Written by Ryan Van Soelen, an expert mortgage loan officer.
Buying your first home is an exciting milestone. You’re laying down strong roots in the community you’ve chosen. It’s also an important investment because most people live in their first home for five to seven years.
If you’re ready to take the plunge, here are three tips to keep in mind:
Review—and if possible, improve—your credit standing.
Your credit impacts your interest rate and whether you get approved for a mortgage at all. So when you’re thinking of buying a home, you need to:
- Know your credit score.
- Resolve any issues that are negatively impacting it (like a late credit card payment or a medical collection).
Most loans require a minimum credit score of 620–640. However, at a small community bank like LSB, we have the flexibility to work with you, even if your score is low. If your credit is poor (or if you don’t have any credit), there are ways you can improve it. For example, you can take out a small-limit or secured credit card and make regular payments to build good credit history.
It usually takes 30 days for changes to be reported to a credit bureau. How long it takes for your score to improve depends on the type of change and your bureau.
[Callout text=”Not sure of your credit standing? We recommend checking out www.annualcreditreport.com.”]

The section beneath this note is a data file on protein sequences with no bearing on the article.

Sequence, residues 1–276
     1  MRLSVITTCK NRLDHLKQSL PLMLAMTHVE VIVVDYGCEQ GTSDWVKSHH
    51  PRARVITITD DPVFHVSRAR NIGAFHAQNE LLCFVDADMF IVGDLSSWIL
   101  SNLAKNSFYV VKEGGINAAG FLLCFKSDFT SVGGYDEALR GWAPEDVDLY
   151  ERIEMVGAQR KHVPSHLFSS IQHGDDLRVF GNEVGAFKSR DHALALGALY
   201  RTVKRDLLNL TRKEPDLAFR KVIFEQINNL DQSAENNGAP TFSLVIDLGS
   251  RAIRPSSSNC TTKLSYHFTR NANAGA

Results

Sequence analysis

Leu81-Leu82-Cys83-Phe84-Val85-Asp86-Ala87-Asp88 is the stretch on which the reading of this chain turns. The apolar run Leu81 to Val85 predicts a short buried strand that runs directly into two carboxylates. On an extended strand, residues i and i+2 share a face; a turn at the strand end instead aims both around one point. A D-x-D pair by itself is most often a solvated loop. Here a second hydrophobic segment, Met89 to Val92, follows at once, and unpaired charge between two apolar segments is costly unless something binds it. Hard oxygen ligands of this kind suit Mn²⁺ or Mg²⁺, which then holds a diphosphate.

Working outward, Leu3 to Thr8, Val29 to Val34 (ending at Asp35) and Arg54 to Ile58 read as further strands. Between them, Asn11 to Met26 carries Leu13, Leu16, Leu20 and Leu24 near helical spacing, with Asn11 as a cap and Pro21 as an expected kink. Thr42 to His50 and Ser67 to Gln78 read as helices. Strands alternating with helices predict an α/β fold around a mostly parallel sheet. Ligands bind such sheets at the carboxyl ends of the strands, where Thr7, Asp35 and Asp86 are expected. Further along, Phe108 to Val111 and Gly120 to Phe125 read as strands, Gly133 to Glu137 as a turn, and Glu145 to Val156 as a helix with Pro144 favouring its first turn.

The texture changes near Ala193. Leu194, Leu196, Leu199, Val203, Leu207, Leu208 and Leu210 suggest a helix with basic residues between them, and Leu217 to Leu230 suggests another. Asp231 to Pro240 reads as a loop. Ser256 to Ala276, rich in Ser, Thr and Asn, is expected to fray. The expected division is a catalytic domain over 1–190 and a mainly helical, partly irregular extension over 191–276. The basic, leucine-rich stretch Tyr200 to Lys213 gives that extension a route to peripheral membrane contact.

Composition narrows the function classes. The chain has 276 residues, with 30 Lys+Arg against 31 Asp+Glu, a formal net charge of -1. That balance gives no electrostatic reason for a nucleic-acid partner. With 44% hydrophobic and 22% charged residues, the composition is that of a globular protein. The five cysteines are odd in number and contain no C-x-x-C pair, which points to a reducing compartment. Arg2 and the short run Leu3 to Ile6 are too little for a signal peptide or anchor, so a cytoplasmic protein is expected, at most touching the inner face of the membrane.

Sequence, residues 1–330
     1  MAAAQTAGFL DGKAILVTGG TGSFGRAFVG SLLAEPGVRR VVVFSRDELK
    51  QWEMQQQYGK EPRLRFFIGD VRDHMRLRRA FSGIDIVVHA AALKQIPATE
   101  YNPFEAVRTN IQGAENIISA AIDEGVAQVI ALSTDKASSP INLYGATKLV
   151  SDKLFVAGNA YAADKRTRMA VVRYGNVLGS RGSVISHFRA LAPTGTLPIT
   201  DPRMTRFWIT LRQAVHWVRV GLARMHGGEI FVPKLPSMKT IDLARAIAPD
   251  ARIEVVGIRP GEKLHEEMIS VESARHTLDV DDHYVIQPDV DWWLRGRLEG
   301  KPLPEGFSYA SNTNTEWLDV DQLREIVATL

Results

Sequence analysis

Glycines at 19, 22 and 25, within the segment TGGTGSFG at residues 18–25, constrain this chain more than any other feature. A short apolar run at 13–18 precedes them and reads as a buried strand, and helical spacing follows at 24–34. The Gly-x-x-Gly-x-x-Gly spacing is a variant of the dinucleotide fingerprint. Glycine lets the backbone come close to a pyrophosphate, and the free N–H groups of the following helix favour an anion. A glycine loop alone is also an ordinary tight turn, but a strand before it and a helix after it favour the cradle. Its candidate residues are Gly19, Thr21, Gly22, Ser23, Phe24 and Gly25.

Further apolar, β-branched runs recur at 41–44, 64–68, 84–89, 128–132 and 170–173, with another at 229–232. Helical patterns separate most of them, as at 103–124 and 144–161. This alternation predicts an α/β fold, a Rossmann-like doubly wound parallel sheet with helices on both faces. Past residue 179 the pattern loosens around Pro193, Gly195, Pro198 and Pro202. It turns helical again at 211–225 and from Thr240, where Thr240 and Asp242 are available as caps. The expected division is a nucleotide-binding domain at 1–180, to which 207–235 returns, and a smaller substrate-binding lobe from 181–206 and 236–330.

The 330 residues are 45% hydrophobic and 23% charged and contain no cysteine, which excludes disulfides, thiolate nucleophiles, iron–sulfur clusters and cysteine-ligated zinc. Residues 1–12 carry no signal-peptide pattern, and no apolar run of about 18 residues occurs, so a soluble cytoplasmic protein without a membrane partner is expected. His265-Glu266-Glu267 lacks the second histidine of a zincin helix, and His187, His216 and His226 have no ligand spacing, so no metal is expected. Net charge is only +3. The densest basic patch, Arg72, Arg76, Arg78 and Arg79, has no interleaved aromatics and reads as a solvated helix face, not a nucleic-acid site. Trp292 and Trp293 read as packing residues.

Map out your income and monthly expenses.
The key to figuring out what you can afford is knowing how much you spend each month. Create a list of your expenses—groceries, student loans, credit cards, car payments, streaming services, utilities, etc.—and subtract them from your monthly income.
Make sure you’ll still have income left for the activities you enjoy.
Now ask yourself: What can you comfortably afford to pay each month toward your mortgage? Make sure you’ll still have income left for the activities you enjoy.
Determine your down payment.
How much you put down on a house will steer you toward different loan options. You’ll save long-term if you pay more upfront because less of your payment will go towards interest. Even a little bit can make a big difference. Look at your savings, your retirement accounts, and any gifts or grants you’ve received and decide how much makes sense for you.
Are you ready to talk to a loan officer about buying your first home? Send us a message or call 641-628-1566.
Member FDIC, Equal Housing Lender